Bulletin

An online magazine of news and opinions from the Asia New Zealand Foundation

2018 Lantern Festival - the international acts

The Asia New Zealand Foundation is bringing a number amazing acts to New Zealand to perform at the 2018 Lantern Festivals in Auckland and Christchurch. They include:

Lao Qiang - Chinese folk/rock music

A women singing in an expressive manner with two male musicians looking on

If you think Chinese traditional music is all about sweet melodies, think again.

Lao Qiang, the headline act at this year’s Auckland Lantern Festival, specialise in joyous, lusty folk singing that is guaranteed to put a smile on your face.

Sometimes described as "ancient Chinese rock'n roll" Lao Qiang (Old Tune) music has been played for centuries in the countryside around Mount Hua in northwest China's Shaanxi province.

It’s believed this rousing style of music developed from the work songs of boatmen ferrying grain on the Yellow River and Wei Canal some two thousand years ago.

Traditionally played as an accompaniment to shadow puppetry, Lao Qiang music has been handed down within the same farmer families for generations. In recent times, however, the musicians have emerged from behind the puppet curtain and burst onto the national – and international – stage.

Shadow Puppets from Xi’an

Chinese shadow puppetry is said to have originated in the former Chinese capital Xi'an – then known as Changan --more than 2000 years ago.

The story goes that Emperor Wu of the Han Dynasty was greatly saddened by the death of a favourite wife. To cheer him up a court official created a shadow puppet in the form of the wife, drawing his inspiration from the shadow cast by dolls as children played. The Emperor was delighted, and shadow puppetry became popular.

Popular plays tell stories of Chinese legends, battles, and mythological creatures.

In its heyday, Chinese shadow puppetry was popular in nearly every province making it one of the most wide-spread folk arts of China.  Now only 200 leather silhouette troupes are still around, down from over 1,000 nationwide in the 1980s.

Toffee Maker (Sugar painter) from Hangzhou

A woman heating toffee in a frying pan and drizzling it onto a surface to make an image

The traditional Chinese art of painting with caramelised sugar became popular in China centuries ago.

Back in the Ming dynasty, skilled street artists used moulds to shape the hot sugar mixture in differing designs.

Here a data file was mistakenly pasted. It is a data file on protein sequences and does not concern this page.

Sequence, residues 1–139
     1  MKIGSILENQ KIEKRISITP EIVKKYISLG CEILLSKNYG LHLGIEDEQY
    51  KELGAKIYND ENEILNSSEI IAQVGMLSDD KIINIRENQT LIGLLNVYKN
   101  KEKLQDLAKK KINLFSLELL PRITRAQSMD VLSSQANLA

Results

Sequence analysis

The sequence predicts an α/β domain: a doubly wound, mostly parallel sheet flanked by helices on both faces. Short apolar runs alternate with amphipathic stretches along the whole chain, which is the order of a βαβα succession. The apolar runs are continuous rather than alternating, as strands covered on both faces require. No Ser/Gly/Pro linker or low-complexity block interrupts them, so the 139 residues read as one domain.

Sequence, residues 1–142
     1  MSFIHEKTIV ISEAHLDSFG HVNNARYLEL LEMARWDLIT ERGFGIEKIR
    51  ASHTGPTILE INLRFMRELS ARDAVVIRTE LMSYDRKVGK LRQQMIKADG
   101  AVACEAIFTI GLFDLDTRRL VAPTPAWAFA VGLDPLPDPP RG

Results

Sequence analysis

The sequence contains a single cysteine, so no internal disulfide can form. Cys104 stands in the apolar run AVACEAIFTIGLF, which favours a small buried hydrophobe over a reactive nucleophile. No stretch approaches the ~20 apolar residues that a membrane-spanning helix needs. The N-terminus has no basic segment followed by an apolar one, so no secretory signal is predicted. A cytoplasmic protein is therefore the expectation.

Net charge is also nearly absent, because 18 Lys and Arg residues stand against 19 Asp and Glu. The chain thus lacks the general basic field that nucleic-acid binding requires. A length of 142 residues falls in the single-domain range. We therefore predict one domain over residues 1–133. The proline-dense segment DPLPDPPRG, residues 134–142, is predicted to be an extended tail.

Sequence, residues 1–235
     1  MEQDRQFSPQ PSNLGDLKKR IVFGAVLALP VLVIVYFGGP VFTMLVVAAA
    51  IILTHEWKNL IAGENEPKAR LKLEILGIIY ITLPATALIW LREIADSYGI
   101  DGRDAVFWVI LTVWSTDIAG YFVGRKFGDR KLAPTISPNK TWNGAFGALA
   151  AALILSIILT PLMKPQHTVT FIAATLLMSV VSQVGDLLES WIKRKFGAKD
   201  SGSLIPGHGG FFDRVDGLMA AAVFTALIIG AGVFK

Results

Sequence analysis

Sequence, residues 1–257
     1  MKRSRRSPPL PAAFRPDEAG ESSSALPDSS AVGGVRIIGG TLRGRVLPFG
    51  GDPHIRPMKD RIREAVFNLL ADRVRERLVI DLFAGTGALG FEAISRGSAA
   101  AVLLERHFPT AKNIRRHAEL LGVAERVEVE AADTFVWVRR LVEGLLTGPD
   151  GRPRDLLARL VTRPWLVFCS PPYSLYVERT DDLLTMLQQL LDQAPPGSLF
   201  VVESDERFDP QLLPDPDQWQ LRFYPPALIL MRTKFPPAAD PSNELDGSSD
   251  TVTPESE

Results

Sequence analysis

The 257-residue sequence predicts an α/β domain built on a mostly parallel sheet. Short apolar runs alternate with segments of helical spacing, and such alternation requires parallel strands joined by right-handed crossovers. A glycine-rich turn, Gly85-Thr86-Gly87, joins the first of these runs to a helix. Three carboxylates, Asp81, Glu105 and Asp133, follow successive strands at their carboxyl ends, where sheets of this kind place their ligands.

Over time, these were replaced with a small bronze spoon which the artist uses to pour the hot sugar onto a cold surface like marble.

Because the sugar cools down very quickly, the painter has to work quickly and get the design right the first time.

Once completed, a wooden stick is sunk into the artwork to separate it from the marble slab and create a lollipop. Popular designs include the 12 animals of the Chinese zodiac – this year will be the Year of the Dog.

Shanghai Xingguang Acrobatic Troupe (Mr Li Jie and Mr Zheng Yongqiang)

A male acrobat dressed in white doing a routine on a pole

Acrobats exhibiting amazing skills of strength first appeared in China in the annual harvest celebrations some 2000 years ago.

Chinese farmers and craftsmen had leisure time in the long winter months which they spent perfecting acrobatic skills, such as balancing and forming human pyramids.

The Xingguang troupe from Shanghai brings a modern twist to this ancient art with its stunning space walk act.

Throat Singer Mr Song Baihua

The extraordinary and difficult art of throat singing or Khöömei is one of the world's oldest forms of music, originating in the west of what is now Mongolia.

Throat singing is thought to have developed among herders mimicking the sounds of animals, water and the wind.

With years of practice, a throat singer can produce two or more notes simultaneously through special techniques taking advantage of the throat's resonance characteristics.

Dough figurine maker from Hangzhou

A man's hands modelling a bird with a piece of yellow dough

For centuries, China’s dough figurine craftsmen have delighted children and adults with their tiny models of legendary heroes such as the Monkey King from Journey to the West.

Dough modelling is classified as a folk art, but the artist still needs to be well versed in history and culture to get all the details right.

The main raw materials in dough figurines are wheat and glutinous rice flour.

The skills required are often passed down within a family. In the past, dough modellers were itinerant craftsmen, carrying the tools of their trade in a work box on their back, going from street to street to make a living.

This ancient handicraft dates from the Han Dynasty (206 BC-220 AD), when dough was modelled into fruits and animals for sacrifice to deities and ancestors.  

Find out more

6 February 2018